Her exaggerated boyish manner, however, results in a marked contrast
when she becomes wistful and soft-spoken after meeting Professor Bhaer.
And unlike his description in the novel, the professor is a hesitant, quiet man
who sounds vaguely Italian rather than German.
"I have no courage to think that,
but could I dare hope, I know I shouldn't make so free as to ask..."
Because the majority of the film follows Jo's point of view,
the other sisters oftentimes are relegated to the background.
The progression of Jo and Laurie's relationship is accelerated,
while Laurie and Amy's romance takes place entirely off-screen.
Meg's character arc is limited to her courtship and marriage to John.
"My John wouldn't marry for money any more than I would.
I'm not afraid of being poor, and I know we shall be happy because John loves me and-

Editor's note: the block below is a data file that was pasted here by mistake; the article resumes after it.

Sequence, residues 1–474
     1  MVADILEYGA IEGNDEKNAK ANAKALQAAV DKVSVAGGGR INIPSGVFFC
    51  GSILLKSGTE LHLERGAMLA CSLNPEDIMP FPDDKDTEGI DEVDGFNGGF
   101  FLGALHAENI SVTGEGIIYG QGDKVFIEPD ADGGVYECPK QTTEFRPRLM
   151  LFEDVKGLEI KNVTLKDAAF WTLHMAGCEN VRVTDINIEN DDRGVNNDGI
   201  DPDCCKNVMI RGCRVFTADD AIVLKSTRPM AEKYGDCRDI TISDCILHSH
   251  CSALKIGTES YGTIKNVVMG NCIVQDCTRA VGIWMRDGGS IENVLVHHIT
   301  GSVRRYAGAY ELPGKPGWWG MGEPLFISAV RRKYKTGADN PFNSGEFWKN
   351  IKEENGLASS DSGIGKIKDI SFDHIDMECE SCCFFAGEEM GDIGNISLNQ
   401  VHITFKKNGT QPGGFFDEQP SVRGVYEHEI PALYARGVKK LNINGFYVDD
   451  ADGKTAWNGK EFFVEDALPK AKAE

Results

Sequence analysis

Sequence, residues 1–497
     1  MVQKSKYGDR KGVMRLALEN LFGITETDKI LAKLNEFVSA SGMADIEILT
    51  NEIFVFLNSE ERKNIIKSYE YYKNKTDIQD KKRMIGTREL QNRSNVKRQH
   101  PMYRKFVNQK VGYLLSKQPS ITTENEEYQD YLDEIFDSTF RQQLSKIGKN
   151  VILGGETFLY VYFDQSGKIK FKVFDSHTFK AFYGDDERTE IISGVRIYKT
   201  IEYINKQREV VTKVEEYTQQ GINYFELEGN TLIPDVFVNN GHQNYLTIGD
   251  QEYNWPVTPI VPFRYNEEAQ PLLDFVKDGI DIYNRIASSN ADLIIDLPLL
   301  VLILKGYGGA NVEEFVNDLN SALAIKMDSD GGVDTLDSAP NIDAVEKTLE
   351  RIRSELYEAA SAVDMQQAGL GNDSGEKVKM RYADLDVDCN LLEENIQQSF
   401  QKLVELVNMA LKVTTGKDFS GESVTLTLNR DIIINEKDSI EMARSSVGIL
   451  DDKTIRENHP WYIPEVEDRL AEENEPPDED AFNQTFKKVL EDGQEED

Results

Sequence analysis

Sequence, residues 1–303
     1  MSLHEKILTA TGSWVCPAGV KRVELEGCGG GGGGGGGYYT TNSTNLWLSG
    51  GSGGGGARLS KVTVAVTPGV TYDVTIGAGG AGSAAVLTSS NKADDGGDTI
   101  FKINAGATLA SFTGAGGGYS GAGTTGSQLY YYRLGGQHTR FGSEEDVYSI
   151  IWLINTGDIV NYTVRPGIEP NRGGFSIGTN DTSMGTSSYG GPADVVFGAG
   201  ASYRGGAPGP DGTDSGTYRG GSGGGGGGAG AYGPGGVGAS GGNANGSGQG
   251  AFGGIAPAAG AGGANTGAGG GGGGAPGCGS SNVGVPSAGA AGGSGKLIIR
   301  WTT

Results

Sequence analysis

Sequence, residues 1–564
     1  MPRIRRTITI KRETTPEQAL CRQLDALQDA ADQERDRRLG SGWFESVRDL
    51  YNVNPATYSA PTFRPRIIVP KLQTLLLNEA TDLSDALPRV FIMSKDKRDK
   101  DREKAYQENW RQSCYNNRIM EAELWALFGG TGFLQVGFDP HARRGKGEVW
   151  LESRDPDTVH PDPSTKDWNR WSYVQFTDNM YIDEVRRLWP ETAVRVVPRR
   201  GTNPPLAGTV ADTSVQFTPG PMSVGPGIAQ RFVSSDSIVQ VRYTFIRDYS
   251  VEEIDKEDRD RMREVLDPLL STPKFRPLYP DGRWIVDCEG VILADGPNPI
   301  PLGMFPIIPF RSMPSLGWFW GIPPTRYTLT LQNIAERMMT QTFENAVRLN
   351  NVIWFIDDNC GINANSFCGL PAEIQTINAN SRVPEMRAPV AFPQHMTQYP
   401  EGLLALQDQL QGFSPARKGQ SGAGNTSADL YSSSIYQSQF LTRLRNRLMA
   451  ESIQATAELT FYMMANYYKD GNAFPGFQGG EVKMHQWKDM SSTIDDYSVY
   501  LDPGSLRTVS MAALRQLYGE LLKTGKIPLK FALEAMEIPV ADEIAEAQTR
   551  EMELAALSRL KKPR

I love him!"
Although the film starts out establishing the theme of woman's capability and independence,
it largely focuses on their home and family lives.
By the 1930s, the right of women to earn a wage was being challenged
due to the economic depression.
This adaptation, like many other movies of the time,
promoted the idea of women in the home,
with marriage and motherhood as requisites for a happy ending.
"Where did you get it?"
"I didn't beg, borrow, or steal it.
I only sold what belonged to me."
"Your hair."
In 1949, MGM sought to capitalize on Little Women's continuing popularity
by remaking the RKO film in Technicolor.
Alterations to the screenplay further advocated domesticity and